MOFA replaces national symbol


The China Post staff

Lawmakers and some officials yesterday expressed concerns over the Ministry of Foreign Affairs’ (MOFA) move to replace the national symbol printed on official documents with the national flag and plum flower, Taiwan’s national flower. Any printed document, such as invitation cards, letters, menus requiring the official emblem now must carry the national flag instead of the original blue-sky-white-sun symbol which was nearly identical to the Kuomintang’s party symbol.

However the symbol on passport covers will remain the same. The national flower, the plum blossom, will also only be used in countries that do not have official ties with the island to avoid any diplomatic concerns. Overseas representative offices were informed of the decision through a confidential letter from the ministry two weeks ago, according to a report from the local media, explaining that the decision was meant to “reflect the public’s voice and eliminate confusions.” The report also indicated that the measure was proposed by the MOFA’s Research and Planning Board but that the decision was finalized without consulting the related department of protocol.

Lo Chih-cheng, chairman of the Research and Planning Board, rebuked the report calling the information contradictory to the fact. The replacement of the ROC’s symbol was a legitimate act determined through legal procedures, he said. Meanwhile, Henry Chen, MOFA spokesman, confirmed the implementation of the new policy and also denied that the decision was made solely by Foreign Minister Tien Hung-mao as reported by the media. Chen also said: “We believed the change was appropriate.” But the KMT did not agree.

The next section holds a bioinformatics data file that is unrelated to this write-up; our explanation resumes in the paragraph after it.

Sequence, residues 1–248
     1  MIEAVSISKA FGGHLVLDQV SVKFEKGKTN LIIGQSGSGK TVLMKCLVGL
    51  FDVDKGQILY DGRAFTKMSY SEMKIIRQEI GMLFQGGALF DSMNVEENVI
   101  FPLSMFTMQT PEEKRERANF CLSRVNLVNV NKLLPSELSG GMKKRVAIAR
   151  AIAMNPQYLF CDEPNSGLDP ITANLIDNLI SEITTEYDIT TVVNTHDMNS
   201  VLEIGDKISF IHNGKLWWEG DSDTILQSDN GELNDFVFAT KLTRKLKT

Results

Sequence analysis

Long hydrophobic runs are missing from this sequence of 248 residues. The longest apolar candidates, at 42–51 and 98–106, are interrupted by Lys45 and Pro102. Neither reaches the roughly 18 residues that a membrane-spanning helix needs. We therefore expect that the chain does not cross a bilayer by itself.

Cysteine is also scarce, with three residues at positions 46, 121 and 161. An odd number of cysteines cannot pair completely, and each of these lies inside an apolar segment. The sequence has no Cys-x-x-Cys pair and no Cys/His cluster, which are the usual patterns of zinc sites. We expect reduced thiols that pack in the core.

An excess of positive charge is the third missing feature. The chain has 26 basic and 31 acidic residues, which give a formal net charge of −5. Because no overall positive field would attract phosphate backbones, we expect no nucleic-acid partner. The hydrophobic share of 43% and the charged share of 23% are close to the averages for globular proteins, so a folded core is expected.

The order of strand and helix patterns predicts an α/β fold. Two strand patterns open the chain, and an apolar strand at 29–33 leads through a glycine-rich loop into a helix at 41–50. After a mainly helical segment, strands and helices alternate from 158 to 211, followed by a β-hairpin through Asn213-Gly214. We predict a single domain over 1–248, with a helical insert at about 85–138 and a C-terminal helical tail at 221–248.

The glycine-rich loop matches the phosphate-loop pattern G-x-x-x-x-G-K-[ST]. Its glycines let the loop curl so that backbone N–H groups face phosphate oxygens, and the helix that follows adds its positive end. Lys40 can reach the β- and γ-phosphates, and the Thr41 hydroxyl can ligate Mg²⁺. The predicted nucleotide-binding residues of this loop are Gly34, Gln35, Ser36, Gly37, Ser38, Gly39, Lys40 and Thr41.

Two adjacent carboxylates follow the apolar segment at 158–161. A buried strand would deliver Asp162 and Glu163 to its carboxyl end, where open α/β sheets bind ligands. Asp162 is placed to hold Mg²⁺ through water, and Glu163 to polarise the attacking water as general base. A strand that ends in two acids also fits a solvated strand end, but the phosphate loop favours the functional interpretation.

“The move was inappropriate and unnecessary,” said Jason Hu, former foreign minister and also incumbent KMT spokesman.

He added that the original blue-sky-white-sun national symbol was used in accordance with the law passed in 1954. The use of the national flag would only generate problems when, in reality, there had not been any controversy over the original national symbol so far, he said. Other issues concerning the society’s interests should outweigh replacing the national symbol. “The new symbol will not upgrade the nation’s status but only constrain us in the international community.” Officials at the Taipei Economic and Cultural Representative Office in the United States praised the removal of the old symbol, saying overseas Chinese often confused the symbol with that of the KMT’s and that the decision would reduce misunderstandings.

KMT lawmaker Lee Shang-ren supported the use of the national flag as the official symbol because it is more symbolic than the previous one. In contrast, the national flower is not representative enough and should be barred from use in any international occasion, he added. Diane Lee, People First Party’s spokeswoman, said the new measure only downgraded the island’s status while other countries never questioned the use of the blue-sky-white-sun symbol. Enough confusion over the nation’s identity had been raised after the Democratic Progressive Party took power, Lee said, and the new government should not be creating more chaos in foreign matters.

Meanwhile, representatives of Rotary associations in Taiwan yesterday launched a protest over the change in the ROC’s title with Rotary International, upon the arrival of its president, Frank J. Devlyn.